Maple Leafs: Keefe’s future uncertain


TORONTO- Brad Treliving wants to « get to know » Sheldon Keefe before determining if he’s his go-to man to lead the Toronto Maple Leafs in 2023-24.

« Sheldon has brought a lot of good things to the team, » the new general manager said when he was introduced to the media on Thursday. “I saw a group of very skilled players who got better at forechecking, defense and other aspects of the game needed to win. We will sit down, go through a process and come to a conclusion as quickly as possible. [quant à son avenir]. »

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Treviling, hired on Wednesday, had a phone chat with Keefe. He acknowledges that inheriting a coach he is unfamiliar with can be difficult.

« Like I told him, it’s a unique situation, but we’re big boys. There is a change, the situation is unique, but that’s part of the game. What I have seen from the outside, in the last two years, is a team that has collected 115 and 111 points. I think he is a very good coach”, mentioned the newcomer to the Queen City.

Keefe is 166-71-30 in four seasons since taking over from Mike Babcock at the helm of the Maple Leafs on November 20, 2019. Although he has helped the team find success in regular season, Keefe only won one series during his tenure. It was this spring, in the first round against the Tampa Bay Lightning.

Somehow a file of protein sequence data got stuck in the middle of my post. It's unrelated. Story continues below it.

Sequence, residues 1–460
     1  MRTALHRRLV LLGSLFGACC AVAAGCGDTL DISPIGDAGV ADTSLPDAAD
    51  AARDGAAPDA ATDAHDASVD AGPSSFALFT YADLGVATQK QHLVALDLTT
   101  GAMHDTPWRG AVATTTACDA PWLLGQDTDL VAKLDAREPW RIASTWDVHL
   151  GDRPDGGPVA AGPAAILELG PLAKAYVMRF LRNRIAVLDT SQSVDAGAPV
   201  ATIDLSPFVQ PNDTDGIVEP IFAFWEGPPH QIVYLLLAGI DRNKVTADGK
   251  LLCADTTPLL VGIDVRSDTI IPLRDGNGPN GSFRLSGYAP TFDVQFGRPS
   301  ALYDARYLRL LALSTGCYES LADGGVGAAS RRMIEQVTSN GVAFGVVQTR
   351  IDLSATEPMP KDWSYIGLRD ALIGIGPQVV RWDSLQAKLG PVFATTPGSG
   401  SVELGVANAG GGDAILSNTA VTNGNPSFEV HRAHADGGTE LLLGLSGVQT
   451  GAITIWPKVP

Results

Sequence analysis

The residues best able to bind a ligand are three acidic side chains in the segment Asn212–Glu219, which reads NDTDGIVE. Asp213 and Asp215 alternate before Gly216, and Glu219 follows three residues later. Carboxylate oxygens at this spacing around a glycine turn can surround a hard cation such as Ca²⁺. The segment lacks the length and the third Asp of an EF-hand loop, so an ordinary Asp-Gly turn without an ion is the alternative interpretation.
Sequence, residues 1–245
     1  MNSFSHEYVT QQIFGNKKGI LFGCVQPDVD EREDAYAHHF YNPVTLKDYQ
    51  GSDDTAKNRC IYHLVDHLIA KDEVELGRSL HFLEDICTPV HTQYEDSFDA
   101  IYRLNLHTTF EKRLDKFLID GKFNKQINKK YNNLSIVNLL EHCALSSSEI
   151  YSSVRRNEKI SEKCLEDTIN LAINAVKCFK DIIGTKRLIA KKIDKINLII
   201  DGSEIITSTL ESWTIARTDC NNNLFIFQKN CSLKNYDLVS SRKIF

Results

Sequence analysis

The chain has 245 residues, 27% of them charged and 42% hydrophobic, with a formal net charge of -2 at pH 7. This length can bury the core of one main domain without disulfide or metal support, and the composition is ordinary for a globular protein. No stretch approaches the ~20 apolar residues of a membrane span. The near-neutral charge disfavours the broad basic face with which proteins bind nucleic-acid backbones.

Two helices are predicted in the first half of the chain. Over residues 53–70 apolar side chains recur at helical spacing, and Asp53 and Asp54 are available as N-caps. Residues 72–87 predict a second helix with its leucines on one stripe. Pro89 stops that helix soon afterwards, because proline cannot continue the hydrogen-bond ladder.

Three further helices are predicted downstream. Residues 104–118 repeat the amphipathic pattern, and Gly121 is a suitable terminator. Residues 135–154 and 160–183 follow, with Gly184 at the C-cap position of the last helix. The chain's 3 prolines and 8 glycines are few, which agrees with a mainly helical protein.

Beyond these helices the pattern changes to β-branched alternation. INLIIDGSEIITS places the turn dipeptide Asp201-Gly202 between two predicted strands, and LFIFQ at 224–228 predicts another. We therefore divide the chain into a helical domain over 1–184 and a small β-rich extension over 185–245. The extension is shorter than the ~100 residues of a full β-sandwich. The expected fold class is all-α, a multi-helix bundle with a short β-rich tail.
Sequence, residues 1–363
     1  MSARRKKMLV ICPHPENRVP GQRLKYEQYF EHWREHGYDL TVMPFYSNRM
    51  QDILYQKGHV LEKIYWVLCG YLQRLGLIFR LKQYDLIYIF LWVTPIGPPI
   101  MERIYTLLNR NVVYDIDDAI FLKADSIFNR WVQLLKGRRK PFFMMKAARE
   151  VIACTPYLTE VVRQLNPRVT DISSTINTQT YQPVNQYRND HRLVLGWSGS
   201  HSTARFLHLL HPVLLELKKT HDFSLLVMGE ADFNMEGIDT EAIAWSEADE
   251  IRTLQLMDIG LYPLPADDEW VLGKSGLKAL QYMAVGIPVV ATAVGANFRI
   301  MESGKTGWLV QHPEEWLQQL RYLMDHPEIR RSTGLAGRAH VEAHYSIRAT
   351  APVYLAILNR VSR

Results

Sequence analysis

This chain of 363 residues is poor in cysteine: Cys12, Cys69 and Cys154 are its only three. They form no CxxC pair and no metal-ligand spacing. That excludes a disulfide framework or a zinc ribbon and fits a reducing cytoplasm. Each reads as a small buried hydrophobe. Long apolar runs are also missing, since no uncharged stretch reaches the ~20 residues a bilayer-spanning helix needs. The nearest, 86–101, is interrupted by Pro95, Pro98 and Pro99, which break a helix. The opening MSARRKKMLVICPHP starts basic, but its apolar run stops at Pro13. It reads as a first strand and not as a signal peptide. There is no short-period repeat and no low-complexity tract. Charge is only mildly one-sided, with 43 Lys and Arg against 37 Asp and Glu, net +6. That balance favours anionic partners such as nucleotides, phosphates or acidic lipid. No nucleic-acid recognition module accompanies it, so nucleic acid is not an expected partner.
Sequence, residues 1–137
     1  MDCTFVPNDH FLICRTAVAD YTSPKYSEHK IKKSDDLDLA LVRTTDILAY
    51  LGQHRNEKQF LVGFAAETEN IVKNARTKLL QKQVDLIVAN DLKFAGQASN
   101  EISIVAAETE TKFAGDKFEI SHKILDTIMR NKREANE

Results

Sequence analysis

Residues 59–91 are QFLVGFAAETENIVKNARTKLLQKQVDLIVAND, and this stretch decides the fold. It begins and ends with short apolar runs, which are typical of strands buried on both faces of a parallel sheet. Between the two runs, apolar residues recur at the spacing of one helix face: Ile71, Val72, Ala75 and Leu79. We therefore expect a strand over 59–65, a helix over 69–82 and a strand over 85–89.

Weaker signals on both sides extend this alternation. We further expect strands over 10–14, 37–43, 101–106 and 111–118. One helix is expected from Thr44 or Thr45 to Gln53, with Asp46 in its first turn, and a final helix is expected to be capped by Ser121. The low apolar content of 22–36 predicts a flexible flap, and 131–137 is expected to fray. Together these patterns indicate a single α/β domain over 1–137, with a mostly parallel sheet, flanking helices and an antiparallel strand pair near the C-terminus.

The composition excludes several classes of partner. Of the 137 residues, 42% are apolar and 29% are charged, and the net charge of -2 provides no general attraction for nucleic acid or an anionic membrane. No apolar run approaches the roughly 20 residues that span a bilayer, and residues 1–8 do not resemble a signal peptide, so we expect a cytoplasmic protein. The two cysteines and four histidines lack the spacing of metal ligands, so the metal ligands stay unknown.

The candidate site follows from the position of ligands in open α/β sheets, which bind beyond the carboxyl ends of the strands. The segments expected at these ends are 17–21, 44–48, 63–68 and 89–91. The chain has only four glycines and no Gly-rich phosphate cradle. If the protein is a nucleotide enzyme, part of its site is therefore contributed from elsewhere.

Keefe was the trusted man of Kyle Dubas, former general manager of the Torontonians. Now, Dubas no longer works within the organization. He was just hired Thursday by the Pittsburgh Penguins. He will be their president of hockey operations.

« To determine if a guy is good, bad or indifferent, you have to work with him and you have to get to know him, » Treliving said. I come here with no preconceived ideas. »

When Treliving got the job as general manager of the Calgary Flames on April 28, 2014, he inherited Bob Hartley as head coach. The latter had led the team since 2012. The GM decided to keep him at the helm of the team, a decision which paid off: Hartley won the Jack-Adams trophy, given to the head coach of the year, starting with Treliving’s first season in Alberta.

“I have a responsibility to bring this group to the level they are trying to reach. The important thing here […] is the team. We are all hockey people and we have a very good team in hand, led by world-class players. It’s hard to have talent, and we have it,” concluded Treliving.


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